It's not any more useful than checking snapshots are an increasing sequence, but it's cheaper to check so we kept it.

The start_date is then the first OriginVisitUpdate timestamp.

That kind of makes sense, but also kind of doesn't. There is (currently) no reason for a reader to care about updates other than the last one except for that particular field on the first update.

ardumont added a subscriber: ardumont.EditedApr 6 2020, 12:13 PM

Thanks for the questions. I'm unsure about some questions and i replied as best
i could.

do we allow an OriginVisitUpdate(status='ongoing', snaphost=None)? what would
be the meaning of this?

Yes. It means "loading started, so no snapshot yet".
That sounds sensible ;)

Also that's currently how it's done.

or do we enforce one just after the created step to model the start
transition?

Do you mean enforce a snapshot with all "origin visit updates"? I think that
means we won't be able to add visit update unless we are done ingesting
(because we don't have snapshot before that time).

And so there is no longer a need for origin-visit/origin-visit-update
separation at all (your last point/question iiuc).

I don't remember how we came to create origin visits early in the loading
process but i think there is a good reason there. If there aren't then we will
have an answer \m/.


I initially replied on "do we enforce on visit update after the created step"
(as i understood it the first time). In that regard, we implemented adding a
new visit update (with status "ongoing" and snapshot None) at first. See
current diffs D2937, D2938, D2939. That behavior maps with the current loader
implementations.

do we allow an OriginVisitUpdate(status='ongoing', snapshot=xxx) with the
same snapshot xxx as the previous update? If so, what would be the meaning of
it?

I don't see why not.

That could be meaning, we started a new visit starting from the last visit's
snapshot "xxx". Some loaders, package ones for example, could use that to
always reference the last snapshot in case of dramatic failures on their latest
loading visits. If that makes sense.

While technically, that could improve performance on querying the snapshot of
the last visit for some loaders, i'm unsure about the functional benefits.

do we allow an OriginVisitUpdate(status='ongoing', snapshot=yyy) with the
snapshot yyy not a superset of a previous update?

no idea.

How do we compare snapshot in the first place? With their branch names?

Or should the snapshot be considered as what has been added between the
previous update and this one?

That would change how we currently see and manipulate a snapshot.

And possibly would complexify how to reify a full snapshot out of multiple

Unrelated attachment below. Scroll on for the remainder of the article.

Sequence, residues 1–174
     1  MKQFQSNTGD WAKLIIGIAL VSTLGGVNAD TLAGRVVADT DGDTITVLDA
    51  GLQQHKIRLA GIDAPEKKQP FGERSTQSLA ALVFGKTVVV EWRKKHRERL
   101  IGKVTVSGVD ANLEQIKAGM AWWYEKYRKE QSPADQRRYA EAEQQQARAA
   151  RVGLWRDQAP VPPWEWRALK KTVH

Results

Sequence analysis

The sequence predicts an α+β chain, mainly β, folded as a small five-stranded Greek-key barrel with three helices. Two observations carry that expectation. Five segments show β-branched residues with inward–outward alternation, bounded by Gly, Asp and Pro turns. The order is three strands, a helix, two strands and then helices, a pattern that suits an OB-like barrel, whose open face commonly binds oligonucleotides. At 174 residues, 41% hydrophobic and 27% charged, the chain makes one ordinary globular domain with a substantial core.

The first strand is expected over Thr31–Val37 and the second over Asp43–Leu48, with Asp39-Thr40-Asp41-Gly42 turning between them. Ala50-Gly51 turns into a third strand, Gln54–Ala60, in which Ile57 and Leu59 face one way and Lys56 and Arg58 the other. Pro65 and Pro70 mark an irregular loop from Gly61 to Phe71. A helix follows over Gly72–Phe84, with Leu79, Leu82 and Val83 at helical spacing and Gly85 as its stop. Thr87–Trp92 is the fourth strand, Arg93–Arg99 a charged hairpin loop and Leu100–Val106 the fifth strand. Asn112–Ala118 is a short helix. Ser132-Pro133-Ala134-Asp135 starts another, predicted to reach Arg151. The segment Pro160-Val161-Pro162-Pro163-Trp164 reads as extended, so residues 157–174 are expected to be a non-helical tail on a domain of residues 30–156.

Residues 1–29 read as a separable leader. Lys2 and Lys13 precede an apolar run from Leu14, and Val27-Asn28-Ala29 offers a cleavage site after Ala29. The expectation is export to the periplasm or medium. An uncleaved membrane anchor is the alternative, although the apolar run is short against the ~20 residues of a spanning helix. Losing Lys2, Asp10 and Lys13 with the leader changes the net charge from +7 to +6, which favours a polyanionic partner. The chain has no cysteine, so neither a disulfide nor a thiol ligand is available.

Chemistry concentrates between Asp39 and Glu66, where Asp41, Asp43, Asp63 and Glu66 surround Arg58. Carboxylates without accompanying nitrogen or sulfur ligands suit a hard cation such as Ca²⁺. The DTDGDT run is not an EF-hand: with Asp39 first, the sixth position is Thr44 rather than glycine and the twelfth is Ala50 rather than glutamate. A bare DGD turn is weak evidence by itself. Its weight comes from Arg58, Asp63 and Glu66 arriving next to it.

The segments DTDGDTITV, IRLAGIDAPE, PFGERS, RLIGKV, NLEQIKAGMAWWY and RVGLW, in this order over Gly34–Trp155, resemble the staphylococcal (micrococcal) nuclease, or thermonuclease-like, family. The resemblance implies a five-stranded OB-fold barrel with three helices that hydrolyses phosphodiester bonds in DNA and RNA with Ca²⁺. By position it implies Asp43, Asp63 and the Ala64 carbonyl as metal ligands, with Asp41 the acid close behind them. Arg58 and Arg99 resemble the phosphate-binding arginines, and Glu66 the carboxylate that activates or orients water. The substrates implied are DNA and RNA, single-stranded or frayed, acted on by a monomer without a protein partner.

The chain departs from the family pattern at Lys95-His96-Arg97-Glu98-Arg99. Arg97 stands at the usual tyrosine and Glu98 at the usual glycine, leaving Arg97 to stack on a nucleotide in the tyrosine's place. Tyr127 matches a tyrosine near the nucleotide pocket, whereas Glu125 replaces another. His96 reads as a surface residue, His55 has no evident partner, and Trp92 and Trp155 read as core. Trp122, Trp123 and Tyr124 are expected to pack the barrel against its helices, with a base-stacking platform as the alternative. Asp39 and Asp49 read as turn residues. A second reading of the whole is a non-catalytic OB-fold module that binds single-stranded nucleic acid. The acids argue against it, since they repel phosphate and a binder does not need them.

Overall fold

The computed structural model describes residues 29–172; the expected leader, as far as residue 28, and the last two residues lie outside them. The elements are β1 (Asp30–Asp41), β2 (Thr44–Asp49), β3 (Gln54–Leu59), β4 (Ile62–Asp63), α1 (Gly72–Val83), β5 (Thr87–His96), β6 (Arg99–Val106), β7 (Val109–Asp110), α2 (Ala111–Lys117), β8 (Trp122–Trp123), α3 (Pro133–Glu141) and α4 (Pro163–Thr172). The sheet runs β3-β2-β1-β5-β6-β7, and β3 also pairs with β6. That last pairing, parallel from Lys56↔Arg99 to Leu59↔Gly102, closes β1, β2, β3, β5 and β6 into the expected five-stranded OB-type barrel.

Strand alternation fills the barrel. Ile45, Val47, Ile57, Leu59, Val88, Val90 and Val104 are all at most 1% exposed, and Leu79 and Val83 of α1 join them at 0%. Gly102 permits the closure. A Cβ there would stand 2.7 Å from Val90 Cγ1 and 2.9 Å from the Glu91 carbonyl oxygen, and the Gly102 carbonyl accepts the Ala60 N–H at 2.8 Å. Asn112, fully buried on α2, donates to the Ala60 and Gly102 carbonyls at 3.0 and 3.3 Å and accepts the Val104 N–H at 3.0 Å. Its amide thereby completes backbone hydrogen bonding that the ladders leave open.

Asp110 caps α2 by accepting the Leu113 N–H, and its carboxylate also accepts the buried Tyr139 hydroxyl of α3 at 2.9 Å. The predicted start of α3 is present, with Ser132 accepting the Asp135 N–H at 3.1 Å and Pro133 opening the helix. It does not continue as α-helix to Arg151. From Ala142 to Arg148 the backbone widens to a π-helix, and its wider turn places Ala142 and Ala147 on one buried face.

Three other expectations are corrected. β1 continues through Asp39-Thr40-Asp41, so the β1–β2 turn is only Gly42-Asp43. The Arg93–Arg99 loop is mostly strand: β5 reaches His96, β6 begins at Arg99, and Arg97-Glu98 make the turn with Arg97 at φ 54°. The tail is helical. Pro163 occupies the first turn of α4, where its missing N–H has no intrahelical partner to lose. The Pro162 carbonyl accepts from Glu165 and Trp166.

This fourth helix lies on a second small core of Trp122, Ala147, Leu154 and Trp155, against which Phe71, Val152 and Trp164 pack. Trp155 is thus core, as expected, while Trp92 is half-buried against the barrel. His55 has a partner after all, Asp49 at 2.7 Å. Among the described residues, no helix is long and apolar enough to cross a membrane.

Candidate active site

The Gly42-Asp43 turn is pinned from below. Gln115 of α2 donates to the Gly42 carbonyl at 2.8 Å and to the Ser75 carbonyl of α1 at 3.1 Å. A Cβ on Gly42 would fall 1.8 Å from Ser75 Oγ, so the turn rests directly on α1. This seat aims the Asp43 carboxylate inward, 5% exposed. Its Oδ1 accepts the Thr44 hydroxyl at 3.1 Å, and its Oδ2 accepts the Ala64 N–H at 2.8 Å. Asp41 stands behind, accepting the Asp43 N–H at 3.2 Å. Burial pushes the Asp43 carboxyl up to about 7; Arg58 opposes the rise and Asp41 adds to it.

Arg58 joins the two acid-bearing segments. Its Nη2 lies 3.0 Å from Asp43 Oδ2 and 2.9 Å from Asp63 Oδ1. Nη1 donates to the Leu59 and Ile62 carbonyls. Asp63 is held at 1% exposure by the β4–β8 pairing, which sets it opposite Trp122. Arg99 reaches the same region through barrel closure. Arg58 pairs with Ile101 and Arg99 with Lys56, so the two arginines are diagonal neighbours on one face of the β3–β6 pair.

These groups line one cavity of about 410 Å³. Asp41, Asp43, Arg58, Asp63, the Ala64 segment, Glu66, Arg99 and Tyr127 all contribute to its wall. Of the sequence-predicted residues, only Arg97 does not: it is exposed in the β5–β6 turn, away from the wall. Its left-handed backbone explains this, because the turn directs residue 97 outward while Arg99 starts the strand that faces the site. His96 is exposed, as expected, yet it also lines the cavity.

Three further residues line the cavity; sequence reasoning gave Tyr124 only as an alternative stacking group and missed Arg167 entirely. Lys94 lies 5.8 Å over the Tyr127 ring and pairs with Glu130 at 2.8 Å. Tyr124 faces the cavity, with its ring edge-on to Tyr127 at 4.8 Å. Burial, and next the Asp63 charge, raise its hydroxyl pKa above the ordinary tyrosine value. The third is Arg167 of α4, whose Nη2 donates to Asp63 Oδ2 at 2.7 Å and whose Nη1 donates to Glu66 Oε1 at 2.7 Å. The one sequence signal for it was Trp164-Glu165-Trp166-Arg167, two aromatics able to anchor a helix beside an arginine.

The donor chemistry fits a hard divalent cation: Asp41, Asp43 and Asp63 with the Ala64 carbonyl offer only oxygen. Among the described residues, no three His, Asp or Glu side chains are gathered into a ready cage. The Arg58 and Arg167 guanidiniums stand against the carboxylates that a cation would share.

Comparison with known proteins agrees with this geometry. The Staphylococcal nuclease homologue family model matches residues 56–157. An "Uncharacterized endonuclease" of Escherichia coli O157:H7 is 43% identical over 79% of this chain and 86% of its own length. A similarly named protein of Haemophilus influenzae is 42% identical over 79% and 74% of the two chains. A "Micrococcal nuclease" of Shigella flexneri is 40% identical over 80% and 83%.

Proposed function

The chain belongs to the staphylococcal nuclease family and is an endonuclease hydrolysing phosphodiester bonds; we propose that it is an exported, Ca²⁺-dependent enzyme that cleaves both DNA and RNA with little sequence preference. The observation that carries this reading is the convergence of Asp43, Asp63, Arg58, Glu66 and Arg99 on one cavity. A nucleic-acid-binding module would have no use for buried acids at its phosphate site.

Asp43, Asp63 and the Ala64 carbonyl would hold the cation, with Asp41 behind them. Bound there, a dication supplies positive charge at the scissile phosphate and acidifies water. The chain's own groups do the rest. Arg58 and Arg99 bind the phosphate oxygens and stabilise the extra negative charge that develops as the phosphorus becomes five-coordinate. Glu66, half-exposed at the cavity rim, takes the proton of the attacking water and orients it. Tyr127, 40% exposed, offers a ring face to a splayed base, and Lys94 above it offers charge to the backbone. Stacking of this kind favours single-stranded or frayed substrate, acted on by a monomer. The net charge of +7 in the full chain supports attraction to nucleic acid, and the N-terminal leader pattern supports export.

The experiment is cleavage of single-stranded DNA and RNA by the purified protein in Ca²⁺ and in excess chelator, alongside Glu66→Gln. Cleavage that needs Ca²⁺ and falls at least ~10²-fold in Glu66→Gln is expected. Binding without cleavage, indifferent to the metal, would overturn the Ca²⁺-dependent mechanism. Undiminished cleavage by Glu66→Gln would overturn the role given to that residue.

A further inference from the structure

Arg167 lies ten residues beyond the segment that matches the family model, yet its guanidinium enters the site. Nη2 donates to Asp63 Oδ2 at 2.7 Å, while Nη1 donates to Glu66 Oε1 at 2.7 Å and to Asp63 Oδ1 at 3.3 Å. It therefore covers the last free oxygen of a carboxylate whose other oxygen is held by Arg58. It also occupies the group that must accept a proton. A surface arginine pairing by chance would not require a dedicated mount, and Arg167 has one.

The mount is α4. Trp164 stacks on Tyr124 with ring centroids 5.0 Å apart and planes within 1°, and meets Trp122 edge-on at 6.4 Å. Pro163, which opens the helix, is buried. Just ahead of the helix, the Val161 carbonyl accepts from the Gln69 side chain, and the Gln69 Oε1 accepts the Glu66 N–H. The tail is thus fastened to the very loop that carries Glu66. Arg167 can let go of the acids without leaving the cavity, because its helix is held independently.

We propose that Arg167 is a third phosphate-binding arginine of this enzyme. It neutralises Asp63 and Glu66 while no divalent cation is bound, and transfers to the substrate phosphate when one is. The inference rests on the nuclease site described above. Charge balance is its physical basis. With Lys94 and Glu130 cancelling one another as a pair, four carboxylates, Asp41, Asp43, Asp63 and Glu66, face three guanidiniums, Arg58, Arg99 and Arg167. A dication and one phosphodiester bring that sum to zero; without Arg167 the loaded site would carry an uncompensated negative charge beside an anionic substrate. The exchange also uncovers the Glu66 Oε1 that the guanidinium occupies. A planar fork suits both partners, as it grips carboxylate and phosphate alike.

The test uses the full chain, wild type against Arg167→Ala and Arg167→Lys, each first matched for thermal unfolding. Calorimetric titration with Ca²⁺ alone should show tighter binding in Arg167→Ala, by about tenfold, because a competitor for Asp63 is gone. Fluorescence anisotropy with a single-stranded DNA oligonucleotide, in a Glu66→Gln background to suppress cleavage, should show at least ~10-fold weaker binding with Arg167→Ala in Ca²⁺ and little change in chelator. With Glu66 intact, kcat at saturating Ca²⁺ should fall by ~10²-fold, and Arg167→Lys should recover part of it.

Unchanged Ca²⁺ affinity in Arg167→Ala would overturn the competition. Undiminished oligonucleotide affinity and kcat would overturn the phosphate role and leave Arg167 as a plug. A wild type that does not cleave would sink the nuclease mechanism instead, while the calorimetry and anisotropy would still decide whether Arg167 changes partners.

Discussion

smaller ones.

Well, i think it means we need to actually have some more improved dsl to do
computations on snapshots.

What information the OriginVisit object carries that cannot be found on an
OriginVisitUpdate one? Currently, only the type field seems missing from the
OriginVisitUpdate model description, maybe we could just get rid of the
OriginVisit table/entity and only have the (currently called)
OriginVisitUpdate (with a type column) ? The start_date is then the first
OriginVisitUpdate timestamp.

The type and date are only in origin_visit.
The rest is only in origin_visit_update.

If we go that way, isn't it simpler to keep origin_visit table. And:

  • make sure the loaders are calling only once the current "origin_visit_add" storage endpoint (which they now mostly do, need to make sure of that).
  • drop "storage.origin_visit_update"
  • rework "storage.origin_visit_upsert" to make sure it's only working with origin_visit_add.
  • Enforce the order on the current origin_visit date field

The rest is only in origin_visit_update.

origin_visit_update also has a date

If we go that way, isn't it simpler to keep origin_visit table. And:

With such drastic changes in meaning, I think it's best to consider we're creating a new one; and recycling the old one is just an implementation detail in the pg backend

ardumont added a comment.EditedApr 6 2020, 4:24 PM

(also, i agree with @vlorentz's faster first reply ;)

origin_visit_update also has a date

yes, i meant it's not the same as the one in origin_visit_update table

With such drastic changes in meaning, I think it's best to consider we're
creating a new one; and recycling the old one is just an implementation
detail in the pg backend

right


So in the end, what do we do?

My main concern regarding the current task's description might be the name we
initially chose when orally discussing it. (And that we kept when starting the
implementation). So, do we keep origin_visit_update? In another oral
discussion from last week, the name change has come up.

And, I do found the future origin_visit_update_add storage endpoint
confusing... (that can be read as 2 verbs next to each other). Plus it
overwrote the current origin_visit_update which is also confusing.

I recall the current proposition on a name change are (it may be incomplete):

  1. origin-visit-update
  2. origin-visit-state
  3. origin-visit-heartbeat
  4. origin-visit-snapshot
  5. origin-visit-snap
  6. origin-visit-status
  7. origin-visit-transition

My current choice would be 2. (origin-visit-state).

We currently don't have "created" (so no "start" either), but it would make sense to create it.

Regarding this model, a few questions come to my mind:

  • do we allow an OriginVisitUpdate(status='ongoing', snaphost=None)? what would be the meaning of this? or do we enforce one just after the created step to model the start transition?

This could mean these things:

  1. on a first update, to mean the visit was created (but we don't need it if we have a "created" state)

If we go that way, I'd much rather like an explicit "created" state...

  1. on subsequent updates, for the loader to say it's still alive but doesn't have enough data for a snapshot yet (though I'm not sure that's useful)
  2. to void a previous snapshot (I don't see any use for that)